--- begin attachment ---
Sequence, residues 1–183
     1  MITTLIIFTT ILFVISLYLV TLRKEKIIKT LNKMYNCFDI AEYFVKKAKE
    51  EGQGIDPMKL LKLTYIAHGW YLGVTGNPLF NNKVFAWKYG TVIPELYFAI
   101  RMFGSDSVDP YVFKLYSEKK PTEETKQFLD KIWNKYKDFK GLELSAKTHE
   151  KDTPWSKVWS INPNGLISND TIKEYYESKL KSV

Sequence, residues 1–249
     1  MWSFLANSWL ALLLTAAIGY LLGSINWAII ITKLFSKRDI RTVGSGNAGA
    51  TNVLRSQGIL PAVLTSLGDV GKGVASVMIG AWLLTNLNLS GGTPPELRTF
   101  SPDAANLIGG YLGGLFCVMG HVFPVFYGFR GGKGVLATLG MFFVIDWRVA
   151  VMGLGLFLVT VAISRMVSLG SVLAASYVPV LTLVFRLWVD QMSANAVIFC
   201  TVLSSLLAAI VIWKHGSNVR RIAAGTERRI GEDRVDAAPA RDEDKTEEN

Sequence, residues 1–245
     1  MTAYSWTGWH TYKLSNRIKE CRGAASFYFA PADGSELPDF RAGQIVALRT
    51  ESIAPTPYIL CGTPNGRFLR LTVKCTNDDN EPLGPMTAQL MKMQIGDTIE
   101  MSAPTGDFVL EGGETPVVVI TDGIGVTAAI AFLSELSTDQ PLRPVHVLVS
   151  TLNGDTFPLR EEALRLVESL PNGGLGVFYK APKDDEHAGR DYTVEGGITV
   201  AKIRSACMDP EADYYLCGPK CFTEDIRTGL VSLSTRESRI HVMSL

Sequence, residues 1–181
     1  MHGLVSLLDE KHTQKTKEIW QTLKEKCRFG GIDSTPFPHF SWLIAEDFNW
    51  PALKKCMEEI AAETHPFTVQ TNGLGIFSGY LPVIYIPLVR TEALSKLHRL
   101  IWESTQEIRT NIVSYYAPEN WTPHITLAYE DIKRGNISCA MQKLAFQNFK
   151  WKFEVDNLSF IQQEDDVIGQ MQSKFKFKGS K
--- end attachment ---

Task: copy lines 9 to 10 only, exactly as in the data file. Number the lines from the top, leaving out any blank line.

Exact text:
   101  SPDAANLIGG YLGGLFCVMG HVFPVFYGFR GGKGVLATLG MFFVIDWRVA
   151  VMGLGLFLVT VAISRMVSLG SVLAASYVPV LTLVFRLWVD QMSANAVIFC